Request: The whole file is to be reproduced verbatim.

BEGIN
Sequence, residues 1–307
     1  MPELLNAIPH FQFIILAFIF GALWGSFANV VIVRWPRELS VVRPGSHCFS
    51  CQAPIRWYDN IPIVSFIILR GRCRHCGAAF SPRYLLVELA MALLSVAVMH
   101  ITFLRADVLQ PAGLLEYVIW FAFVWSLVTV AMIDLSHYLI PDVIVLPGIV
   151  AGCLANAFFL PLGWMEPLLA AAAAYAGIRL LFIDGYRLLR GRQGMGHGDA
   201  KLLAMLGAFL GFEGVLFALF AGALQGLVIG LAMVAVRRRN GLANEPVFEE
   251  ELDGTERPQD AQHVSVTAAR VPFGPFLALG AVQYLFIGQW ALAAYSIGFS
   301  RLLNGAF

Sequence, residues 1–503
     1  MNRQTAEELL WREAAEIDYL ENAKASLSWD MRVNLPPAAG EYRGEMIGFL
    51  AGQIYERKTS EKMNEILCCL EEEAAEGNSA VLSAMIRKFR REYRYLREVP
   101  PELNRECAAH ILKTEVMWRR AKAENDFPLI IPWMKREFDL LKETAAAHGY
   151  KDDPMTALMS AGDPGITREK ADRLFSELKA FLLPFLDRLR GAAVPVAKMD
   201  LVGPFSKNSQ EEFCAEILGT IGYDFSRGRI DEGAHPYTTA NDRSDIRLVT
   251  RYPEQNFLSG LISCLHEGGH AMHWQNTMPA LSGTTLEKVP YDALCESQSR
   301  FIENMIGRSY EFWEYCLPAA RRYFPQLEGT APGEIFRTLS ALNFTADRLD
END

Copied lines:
Sequence, residues 1–307
     1  MPELLNAIPH FQFIILAFIF GALWGSFANV VIVRWPRELS VVRPGSHCFS
    51  CQAPIRWYDN IPIVSFIILR GRCRHCGAAF SPRYLLVELA MALLSVAVMH
   101  ITFLRADVLQ PAGLLEYVIW FAFVWSLVTV AMIDLSHYLI PDVIVLPGIV
   151  AGCLANAFFL PLGWMEPLLA AAAAYAGIRL LFIDGYRLLR GRQGMGHGDA
   201  KLLAMLGAFL GFEGVLFALF AGALQGLVIG LAMVAVRRRN GLANEPVFEE
   251  ELDGTERPQD AQHVSVTAAR VPFGPFLALG AVQYLFIGQW ALAAYSIGFS
   301  RLLNGAF

Sequence, residues 1–503
     1  MNRQTAEELL WREAAEIDYL ENAKASLSWD MRVNLPPAAG EYRGEMIGFL
    51  AGQIYERKTS EKMNEILCCL EEEAAEGNSA VLSAMIRKFR REYRYLREVP
   101  PELNRECAAH ILKTEVMWRR AKAENDFPLI IPWMKREFDL LKETAAAHGY
   151  KDDPMTALMS AGDPGITREK ADRLFSELKA FLLPFLDRLR GAAVPVAKMD
   201  LVGPFSKNSQ EEFCAEILGT IGYDFSRGRI DEGAHPYTTA NDRSDIRLVT
   251  RYPEQNFLSG LISCLHEGGH AMHWQNTMPA LSGTTLEKVP YDALCESQSR
   301  FIENMIGRSY EFWEYCLPAA RRYFPQLEGT APGEIFRTLS ALNFTADRLD